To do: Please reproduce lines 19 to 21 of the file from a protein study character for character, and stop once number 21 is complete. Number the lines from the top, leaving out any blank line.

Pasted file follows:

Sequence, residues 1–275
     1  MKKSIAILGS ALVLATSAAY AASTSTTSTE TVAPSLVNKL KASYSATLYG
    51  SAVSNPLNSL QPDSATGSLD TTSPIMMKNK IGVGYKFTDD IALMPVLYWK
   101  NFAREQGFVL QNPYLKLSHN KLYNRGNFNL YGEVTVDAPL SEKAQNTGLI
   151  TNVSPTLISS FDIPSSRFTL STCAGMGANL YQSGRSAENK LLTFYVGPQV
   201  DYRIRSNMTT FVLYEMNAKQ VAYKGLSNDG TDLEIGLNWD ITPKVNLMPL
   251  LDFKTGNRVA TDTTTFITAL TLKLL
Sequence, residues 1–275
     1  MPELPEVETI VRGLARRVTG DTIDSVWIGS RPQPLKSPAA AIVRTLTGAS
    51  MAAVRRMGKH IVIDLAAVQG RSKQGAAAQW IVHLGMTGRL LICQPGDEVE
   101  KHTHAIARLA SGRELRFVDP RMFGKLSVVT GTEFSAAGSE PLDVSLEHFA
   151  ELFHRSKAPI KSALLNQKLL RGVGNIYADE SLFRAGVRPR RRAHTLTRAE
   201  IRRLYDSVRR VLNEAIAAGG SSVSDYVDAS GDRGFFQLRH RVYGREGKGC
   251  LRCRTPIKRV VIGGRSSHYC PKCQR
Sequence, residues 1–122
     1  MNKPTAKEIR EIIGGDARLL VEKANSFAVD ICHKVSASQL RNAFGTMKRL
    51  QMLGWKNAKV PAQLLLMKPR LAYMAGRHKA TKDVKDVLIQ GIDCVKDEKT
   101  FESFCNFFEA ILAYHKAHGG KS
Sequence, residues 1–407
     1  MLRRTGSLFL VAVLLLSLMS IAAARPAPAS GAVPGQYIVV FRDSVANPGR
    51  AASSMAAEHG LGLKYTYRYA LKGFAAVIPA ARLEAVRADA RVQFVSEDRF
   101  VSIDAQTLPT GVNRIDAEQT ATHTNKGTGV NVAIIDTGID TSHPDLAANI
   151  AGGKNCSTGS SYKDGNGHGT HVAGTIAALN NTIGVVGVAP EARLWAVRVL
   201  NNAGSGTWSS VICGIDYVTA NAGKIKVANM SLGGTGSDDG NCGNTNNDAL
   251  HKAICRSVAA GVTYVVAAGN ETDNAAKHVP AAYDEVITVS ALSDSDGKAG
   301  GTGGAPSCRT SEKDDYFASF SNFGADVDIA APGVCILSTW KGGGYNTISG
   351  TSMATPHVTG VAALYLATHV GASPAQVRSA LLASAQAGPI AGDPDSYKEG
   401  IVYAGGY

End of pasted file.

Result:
Sequence, residues 1–407
     1  MLRRTGSLFL VAVLLLSLMS IAAARPAPAS GAVPGQYIVV FRDSVANPGR
    51  AASSMAAEHG LGLKYTYRYA LKGFAAVIPA ARLEAVRADA RVQFVSEDRF